Wednesday, April 1, 2009

Lenticular Clouds

We had some strong cold winds today and passing Mount Shasta you could see the lenticular clouds forming again. The bottom picture is almost a "three layer" effect.
As always, click the images for larger pictures.

Lenticular clouds are stationary lens-shaped clouds that form at high altitudes, normally aligned at right-angles to the wind direction. Lenticular clouds can be separated into altocumulus standing lenticularis (ACSL), stratocumulus standing lenticular (SCSL), and cirrocumulus standing lenticular (CCSL).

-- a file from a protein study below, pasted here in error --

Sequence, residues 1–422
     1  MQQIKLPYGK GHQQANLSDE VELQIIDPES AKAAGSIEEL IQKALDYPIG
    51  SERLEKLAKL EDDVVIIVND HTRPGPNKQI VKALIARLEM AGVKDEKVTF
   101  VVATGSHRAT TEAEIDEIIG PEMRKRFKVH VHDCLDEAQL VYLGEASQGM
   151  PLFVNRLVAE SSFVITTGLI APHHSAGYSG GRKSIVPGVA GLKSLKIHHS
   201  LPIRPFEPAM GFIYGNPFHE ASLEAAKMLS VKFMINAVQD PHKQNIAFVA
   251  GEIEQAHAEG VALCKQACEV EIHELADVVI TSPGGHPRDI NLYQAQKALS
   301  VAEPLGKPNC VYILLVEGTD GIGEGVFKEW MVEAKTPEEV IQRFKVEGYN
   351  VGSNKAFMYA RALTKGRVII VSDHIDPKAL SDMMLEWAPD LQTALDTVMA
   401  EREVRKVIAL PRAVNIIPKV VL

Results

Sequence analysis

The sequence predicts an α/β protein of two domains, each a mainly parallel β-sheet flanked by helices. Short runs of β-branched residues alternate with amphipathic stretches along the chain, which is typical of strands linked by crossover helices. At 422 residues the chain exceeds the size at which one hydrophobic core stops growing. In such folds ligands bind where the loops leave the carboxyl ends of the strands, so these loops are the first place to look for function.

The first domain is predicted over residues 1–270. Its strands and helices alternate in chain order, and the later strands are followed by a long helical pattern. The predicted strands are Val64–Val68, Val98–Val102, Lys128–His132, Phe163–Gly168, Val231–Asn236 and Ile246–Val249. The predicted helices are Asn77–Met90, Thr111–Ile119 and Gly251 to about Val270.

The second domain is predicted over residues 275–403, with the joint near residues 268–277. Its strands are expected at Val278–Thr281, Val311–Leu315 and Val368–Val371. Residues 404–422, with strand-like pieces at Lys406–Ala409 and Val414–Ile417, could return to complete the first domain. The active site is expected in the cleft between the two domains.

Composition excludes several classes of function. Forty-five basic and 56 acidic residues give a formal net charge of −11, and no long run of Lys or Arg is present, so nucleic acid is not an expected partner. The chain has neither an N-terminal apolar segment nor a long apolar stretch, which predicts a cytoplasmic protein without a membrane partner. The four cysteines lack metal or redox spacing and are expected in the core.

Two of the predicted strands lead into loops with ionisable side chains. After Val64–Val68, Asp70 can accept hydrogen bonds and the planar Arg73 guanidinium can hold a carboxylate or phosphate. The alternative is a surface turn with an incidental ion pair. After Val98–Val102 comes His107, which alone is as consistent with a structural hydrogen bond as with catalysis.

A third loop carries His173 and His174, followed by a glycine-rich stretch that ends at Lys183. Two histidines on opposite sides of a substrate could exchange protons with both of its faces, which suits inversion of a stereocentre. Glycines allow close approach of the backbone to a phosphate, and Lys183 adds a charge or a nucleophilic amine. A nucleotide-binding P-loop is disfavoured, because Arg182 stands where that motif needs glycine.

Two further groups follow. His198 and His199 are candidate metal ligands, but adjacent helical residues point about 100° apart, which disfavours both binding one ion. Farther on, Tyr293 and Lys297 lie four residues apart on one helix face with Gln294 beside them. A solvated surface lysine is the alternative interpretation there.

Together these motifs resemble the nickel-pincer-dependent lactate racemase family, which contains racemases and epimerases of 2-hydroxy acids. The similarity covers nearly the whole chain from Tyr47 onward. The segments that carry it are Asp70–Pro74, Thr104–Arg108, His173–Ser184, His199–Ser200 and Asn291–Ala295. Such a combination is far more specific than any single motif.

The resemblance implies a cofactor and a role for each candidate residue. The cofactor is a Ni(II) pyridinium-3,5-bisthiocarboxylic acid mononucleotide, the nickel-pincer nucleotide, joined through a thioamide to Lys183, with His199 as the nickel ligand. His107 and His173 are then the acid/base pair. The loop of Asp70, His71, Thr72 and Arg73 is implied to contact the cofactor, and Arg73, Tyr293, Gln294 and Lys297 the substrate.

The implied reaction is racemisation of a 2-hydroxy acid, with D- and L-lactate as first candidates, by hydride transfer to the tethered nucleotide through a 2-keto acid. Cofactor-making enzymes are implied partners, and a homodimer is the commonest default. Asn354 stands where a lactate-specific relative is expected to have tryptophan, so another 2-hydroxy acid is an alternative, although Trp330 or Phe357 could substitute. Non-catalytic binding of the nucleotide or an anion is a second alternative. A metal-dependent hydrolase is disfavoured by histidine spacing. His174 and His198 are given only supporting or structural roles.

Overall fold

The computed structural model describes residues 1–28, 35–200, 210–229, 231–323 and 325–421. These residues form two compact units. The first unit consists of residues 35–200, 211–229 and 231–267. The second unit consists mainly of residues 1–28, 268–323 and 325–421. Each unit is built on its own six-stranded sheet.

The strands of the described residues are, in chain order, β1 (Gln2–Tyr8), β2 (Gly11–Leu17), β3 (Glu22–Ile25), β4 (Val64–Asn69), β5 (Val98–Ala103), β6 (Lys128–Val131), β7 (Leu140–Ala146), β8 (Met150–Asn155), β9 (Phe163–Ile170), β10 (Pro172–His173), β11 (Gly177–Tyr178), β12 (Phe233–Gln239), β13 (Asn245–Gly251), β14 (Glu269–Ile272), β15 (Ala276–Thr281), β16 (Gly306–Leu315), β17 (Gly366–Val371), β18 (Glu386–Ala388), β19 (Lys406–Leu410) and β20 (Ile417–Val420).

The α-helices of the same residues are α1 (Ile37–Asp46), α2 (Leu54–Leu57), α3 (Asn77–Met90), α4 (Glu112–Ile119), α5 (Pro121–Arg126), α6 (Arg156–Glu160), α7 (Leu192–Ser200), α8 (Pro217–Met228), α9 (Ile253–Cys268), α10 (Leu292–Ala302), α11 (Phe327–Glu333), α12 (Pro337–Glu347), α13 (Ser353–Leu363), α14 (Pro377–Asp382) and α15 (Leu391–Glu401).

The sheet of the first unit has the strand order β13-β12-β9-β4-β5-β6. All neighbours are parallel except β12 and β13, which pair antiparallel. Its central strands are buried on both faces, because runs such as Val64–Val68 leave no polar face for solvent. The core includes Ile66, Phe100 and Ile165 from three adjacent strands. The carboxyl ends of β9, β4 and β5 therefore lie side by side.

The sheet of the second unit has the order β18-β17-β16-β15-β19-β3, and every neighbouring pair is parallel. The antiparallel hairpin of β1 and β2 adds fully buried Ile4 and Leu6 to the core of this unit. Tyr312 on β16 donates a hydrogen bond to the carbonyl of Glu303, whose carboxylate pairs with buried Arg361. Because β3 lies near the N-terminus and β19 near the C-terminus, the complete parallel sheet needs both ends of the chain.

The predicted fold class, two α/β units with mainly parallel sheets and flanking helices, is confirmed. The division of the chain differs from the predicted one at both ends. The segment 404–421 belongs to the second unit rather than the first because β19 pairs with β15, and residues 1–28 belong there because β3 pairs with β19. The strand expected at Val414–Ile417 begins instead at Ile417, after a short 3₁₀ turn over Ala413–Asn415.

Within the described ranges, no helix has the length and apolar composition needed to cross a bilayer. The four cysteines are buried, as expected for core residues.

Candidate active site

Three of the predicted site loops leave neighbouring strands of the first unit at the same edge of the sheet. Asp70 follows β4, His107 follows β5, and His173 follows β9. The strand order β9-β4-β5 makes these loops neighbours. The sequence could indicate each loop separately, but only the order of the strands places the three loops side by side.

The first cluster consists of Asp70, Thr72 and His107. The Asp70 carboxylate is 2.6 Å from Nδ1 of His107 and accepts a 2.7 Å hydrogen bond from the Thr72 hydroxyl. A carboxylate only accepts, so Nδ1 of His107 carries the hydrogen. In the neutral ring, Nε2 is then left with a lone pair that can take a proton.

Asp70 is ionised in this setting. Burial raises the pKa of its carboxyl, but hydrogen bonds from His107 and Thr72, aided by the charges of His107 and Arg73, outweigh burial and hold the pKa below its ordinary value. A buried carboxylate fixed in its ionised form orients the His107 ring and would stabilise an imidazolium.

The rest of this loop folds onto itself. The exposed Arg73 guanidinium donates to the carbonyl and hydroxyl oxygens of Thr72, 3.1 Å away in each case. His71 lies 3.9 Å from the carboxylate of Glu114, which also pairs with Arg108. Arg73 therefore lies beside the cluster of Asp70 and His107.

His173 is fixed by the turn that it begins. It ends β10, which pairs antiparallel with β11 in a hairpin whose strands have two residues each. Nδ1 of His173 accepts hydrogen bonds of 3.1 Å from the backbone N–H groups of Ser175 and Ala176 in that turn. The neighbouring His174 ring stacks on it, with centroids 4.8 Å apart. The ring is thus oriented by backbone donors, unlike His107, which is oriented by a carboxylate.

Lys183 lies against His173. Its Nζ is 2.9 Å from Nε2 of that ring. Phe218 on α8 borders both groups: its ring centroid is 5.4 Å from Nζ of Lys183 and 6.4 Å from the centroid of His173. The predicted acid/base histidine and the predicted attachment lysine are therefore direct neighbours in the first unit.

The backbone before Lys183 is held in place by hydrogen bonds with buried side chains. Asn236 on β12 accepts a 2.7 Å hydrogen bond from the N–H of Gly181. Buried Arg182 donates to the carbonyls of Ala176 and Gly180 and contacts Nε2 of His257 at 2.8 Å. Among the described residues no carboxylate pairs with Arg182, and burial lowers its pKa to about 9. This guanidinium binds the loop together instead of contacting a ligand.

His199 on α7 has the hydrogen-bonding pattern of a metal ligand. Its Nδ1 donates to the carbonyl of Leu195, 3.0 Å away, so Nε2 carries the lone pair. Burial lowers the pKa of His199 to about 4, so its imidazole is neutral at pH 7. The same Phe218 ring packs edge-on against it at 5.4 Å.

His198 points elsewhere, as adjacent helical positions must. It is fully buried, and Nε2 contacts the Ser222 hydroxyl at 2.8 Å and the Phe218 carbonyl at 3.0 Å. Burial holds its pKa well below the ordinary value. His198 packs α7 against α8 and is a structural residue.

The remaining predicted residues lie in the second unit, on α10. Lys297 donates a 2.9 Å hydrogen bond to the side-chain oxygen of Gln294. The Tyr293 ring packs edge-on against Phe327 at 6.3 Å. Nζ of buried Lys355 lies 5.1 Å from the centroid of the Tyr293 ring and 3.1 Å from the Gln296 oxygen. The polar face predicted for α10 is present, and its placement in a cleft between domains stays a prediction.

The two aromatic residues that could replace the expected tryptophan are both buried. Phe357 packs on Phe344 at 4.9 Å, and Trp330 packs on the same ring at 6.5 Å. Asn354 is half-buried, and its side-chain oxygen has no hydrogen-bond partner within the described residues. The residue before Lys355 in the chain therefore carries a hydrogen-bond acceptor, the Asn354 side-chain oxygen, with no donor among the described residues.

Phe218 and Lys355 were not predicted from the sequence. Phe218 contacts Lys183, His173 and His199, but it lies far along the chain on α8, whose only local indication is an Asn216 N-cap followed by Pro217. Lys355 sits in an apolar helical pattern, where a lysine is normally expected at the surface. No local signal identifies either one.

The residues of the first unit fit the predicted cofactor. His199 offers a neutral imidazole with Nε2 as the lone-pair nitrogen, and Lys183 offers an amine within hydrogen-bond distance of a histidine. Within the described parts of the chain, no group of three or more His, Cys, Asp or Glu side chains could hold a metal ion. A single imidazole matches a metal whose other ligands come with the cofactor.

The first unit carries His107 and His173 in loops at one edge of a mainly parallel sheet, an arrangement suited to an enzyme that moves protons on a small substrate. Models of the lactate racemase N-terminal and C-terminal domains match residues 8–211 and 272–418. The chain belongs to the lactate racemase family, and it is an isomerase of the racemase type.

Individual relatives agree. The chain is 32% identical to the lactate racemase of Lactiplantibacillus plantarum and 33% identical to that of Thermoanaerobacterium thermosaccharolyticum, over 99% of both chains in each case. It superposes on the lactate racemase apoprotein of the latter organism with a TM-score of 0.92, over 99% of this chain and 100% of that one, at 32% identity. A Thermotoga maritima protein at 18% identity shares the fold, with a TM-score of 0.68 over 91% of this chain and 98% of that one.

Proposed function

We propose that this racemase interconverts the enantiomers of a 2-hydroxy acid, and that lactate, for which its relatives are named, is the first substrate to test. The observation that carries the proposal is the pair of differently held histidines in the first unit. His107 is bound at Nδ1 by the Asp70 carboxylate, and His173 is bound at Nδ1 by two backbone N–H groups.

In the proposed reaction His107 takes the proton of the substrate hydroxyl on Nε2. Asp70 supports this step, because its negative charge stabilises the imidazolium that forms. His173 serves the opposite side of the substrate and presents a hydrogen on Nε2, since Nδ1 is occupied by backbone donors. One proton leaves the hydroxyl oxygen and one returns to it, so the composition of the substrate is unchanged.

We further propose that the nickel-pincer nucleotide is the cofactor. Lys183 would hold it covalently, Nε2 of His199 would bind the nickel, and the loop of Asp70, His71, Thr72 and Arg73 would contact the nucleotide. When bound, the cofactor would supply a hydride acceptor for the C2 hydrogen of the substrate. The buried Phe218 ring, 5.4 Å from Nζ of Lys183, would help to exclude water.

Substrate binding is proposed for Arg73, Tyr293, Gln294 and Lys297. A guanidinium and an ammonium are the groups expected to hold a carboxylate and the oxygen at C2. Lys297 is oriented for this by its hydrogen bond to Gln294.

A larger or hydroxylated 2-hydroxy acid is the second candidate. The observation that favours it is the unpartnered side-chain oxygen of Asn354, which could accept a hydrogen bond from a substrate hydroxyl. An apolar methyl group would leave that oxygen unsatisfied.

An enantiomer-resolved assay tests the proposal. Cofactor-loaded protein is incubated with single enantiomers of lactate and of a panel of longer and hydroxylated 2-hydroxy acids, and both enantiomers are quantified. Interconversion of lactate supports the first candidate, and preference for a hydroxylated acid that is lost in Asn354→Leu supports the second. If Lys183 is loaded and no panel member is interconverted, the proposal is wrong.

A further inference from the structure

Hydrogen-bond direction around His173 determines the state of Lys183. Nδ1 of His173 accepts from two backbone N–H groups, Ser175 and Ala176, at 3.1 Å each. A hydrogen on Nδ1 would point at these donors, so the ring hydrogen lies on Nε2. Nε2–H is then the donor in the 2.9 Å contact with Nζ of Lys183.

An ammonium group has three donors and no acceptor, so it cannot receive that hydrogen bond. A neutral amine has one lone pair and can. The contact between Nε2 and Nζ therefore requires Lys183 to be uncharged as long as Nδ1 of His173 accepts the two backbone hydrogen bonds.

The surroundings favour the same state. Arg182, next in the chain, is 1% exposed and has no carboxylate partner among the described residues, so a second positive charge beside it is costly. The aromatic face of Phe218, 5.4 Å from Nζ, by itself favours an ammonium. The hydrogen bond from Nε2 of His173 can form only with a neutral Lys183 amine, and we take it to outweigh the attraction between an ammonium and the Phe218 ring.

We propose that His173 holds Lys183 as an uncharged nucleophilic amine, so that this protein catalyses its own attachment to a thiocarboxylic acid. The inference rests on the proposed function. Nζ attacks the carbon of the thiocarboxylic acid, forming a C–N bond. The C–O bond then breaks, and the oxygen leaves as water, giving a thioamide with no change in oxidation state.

Where stable moist air flows over a mountain or a range of mountains, a series of large-scale standing waves may form on the downwind side. If the temperature at the crest of the wave drops to or below the dewpoint, moisture in the air may condense to form lenticular clouds. As the moist air moves back down into the trough of the wave, the cloud may evaporate back into vapor. Under certain conditions, long strings of lenticular clouds can form near the crest of each successive wave, creating a formation known as a 'wave cloud'. The wave systems cause large vertical air movements and so enough water vapor may condense to produce precipitation. The clouds have been mistaken for UFOs (or "visual cover" for UFOs) because these clouds have a characteristic lens appearance and smooth saucer-like shape. Bright colors (called Irisation) are sometimes seen along the edge of lenticular clouds